Facts About Mali's Culture, Geography, and History
Mali is a West African country, home to some of the most ancient African civilizations. Its unique geography, culture, and history make it an interesting country to explore. Just as its vastness and long history, there is much to know. Nonetheless, we have compiled 11 interesting facts that will help you have a better perspective of Mali.
11. Mali is the biggest country in West Africa. It is about twice the size of Texas, the second-largest American state.
The size of Mali is 480,000 square miles. The capital city of Mali is Bamako. It is a landlocked country, most of it semi-arid. It is surrounded by seven other countries including Mauritania and Senegal to the West, Algeria to the north, Niger to the east, and Guinea, Ivory Coast and Burkina Faso to the south. Mali’s main economic activity is agriculture and fishing. It is Africa’s third-largest producer of gold. Though Mali is rich in natural resources, unlike Texas, it is still a poor country. About half of Malians live below the international poverty line of $1.25 per day.
10. In the past, Mali was one of the richest countries, home to great emperors.
Mali was a great center of civilization, with the University of Timbuktu being one of the most famous ancient universities in Africa and the Middle East. It was a rich gold land. Gold earned its source of wealth. Mansa Musa was the equivalent of King Solomon but in the middle ages. He was the richest man, probably in the whole world then.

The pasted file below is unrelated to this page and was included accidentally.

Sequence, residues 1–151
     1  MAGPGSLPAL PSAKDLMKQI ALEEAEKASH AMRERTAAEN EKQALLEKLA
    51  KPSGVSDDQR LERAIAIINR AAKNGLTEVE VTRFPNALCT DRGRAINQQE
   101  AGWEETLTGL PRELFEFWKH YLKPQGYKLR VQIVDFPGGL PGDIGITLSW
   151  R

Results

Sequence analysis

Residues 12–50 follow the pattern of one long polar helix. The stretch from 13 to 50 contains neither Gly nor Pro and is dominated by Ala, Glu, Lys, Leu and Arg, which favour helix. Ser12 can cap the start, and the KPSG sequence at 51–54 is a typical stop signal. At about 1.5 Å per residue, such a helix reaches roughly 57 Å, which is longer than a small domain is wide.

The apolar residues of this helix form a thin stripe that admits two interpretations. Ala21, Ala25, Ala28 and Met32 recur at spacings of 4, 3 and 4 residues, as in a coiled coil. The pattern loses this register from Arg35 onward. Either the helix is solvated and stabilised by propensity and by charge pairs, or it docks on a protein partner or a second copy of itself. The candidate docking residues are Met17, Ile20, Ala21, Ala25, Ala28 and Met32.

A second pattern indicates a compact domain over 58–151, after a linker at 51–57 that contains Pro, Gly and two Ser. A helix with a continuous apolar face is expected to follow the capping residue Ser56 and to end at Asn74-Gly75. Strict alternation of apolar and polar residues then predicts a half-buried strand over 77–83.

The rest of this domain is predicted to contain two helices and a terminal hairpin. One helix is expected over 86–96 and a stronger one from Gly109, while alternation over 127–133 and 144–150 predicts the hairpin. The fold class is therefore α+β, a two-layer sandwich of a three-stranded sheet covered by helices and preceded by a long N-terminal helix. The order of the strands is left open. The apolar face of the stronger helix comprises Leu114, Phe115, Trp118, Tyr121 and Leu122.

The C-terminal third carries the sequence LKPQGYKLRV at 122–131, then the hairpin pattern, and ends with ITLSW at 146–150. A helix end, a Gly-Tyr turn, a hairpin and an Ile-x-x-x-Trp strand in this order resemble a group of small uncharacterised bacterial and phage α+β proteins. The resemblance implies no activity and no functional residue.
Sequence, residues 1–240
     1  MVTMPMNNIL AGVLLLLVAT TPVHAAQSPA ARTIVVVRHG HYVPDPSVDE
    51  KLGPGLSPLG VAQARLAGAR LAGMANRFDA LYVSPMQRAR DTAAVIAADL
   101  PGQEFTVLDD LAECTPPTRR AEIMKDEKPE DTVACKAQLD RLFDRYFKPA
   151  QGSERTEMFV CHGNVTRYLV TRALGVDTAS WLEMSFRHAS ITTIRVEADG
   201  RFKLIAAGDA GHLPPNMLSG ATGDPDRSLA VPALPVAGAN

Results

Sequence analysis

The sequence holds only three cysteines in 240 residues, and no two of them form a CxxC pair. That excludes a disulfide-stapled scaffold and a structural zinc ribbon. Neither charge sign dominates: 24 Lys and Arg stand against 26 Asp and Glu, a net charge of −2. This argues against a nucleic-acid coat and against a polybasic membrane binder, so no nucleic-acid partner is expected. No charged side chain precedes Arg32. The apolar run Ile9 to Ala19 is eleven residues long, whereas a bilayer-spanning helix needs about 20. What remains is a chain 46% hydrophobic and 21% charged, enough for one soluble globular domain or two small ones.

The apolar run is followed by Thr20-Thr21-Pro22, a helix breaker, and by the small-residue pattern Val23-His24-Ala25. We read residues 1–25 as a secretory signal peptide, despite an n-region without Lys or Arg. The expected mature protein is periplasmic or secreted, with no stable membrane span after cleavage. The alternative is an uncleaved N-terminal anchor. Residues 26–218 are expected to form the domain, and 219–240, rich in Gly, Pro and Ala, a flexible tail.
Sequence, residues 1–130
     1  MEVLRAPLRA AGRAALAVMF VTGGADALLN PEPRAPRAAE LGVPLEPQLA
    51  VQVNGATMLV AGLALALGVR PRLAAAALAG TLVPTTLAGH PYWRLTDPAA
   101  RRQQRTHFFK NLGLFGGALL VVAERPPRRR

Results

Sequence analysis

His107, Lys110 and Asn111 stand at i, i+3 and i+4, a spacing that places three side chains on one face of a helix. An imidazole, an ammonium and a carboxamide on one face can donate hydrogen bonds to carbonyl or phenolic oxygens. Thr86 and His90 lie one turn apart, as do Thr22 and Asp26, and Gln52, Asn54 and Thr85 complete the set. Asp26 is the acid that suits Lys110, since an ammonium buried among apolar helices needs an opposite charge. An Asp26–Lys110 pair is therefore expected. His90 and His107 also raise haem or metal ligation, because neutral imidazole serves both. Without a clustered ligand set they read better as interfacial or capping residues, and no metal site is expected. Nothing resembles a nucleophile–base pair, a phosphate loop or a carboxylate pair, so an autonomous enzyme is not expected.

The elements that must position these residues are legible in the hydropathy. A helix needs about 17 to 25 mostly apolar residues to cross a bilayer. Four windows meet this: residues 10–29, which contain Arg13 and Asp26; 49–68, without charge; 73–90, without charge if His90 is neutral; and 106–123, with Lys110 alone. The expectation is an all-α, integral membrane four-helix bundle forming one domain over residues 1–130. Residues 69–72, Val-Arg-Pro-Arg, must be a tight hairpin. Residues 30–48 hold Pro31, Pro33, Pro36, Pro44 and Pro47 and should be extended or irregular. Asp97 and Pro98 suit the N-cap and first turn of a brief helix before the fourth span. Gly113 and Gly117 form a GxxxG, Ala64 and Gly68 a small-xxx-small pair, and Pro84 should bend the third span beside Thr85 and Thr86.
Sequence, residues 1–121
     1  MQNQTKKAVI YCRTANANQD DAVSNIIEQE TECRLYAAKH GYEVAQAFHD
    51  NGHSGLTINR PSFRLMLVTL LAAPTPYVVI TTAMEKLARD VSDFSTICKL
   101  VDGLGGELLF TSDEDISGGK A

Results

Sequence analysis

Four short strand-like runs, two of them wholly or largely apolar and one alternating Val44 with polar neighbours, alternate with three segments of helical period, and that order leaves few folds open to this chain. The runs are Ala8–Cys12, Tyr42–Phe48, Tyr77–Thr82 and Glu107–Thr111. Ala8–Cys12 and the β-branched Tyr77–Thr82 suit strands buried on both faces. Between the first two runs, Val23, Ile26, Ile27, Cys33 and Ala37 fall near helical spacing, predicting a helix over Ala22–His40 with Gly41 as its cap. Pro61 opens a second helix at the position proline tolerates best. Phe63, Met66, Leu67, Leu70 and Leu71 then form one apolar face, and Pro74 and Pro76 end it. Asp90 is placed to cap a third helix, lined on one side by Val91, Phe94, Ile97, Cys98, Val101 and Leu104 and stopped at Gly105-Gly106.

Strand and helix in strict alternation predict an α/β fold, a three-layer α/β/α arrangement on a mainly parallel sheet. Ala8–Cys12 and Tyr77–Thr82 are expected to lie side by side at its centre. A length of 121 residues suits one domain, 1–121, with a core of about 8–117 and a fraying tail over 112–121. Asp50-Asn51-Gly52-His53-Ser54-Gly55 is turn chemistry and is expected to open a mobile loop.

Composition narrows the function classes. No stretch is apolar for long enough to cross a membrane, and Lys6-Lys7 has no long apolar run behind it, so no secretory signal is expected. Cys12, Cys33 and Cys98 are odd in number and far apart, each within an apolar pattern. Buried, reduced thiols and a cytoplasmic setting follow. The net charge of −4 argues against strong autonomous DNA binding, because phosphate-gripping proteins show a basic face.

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9. The spectacular Grand Mosque of Djenne in Mali is the biggest man-made clay structure in the world.
Djenne is an ancient town, which was one of the three major cities of the ancient Mali Empire. The other two cities were Timbuktu and Gao. Djenne was a transit point for slaves captured in the interior and sold at slave markets in Gao and Timbuktu. Djenne Djeno is one of the oldest towns in Africa. It is famous for its Adobe architecture. It is a designed World Heritage site by UNESCO (1988). The first mosque in Djenne was built between 1200AD and 1330AD. Seku Amadu’s Mosque built between 1834 and 1836 followed it. Later on, the Grand Mosque of Djenne was built in 1907 under the French authority. This replaced the first mosque, which had been left in ruins. This later mosque was built using sun-baked clay bricks and clay mortar.
8. Rock paintings found in the region of Gao and Timbuktu suggest that the region of Mali was inhabited even around 50,000 BC.
Gao was an important center during the Trans-Atlantic trade. It was the capital city of the Songhai Empire and the headquarters of the Islamic dynasty. Gao is established on the eastern bank of River Niger, 300 kilometers to the south-west of Timbuktu. Timbuktu is 20 km north of River Niger. It is famed for its ancient Sankore Madrasah, an Islamic university that was established between 15th and 16th century AD. It was a center for Islamic scholars with a thriving book trade. Some of the famous rock painting sites in Mali include Siguifiri shelters, Kita Kourou cave paintings, Andrar des Ifogha, Mogoyabougou and Mingaré rock shelters, and Airé Soroba.
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7. The prime meridian marker is located in Gao, Mali, where one can literally stand on the edge of two hemispheres.
The Equator line, separating the Northern and Southern hemispheres, crosses through Gao. This is one of the hottest equator spots in the world. At the equator spot, you can actually have one foot in the northern hemisphere with another one in the southern hemisphere.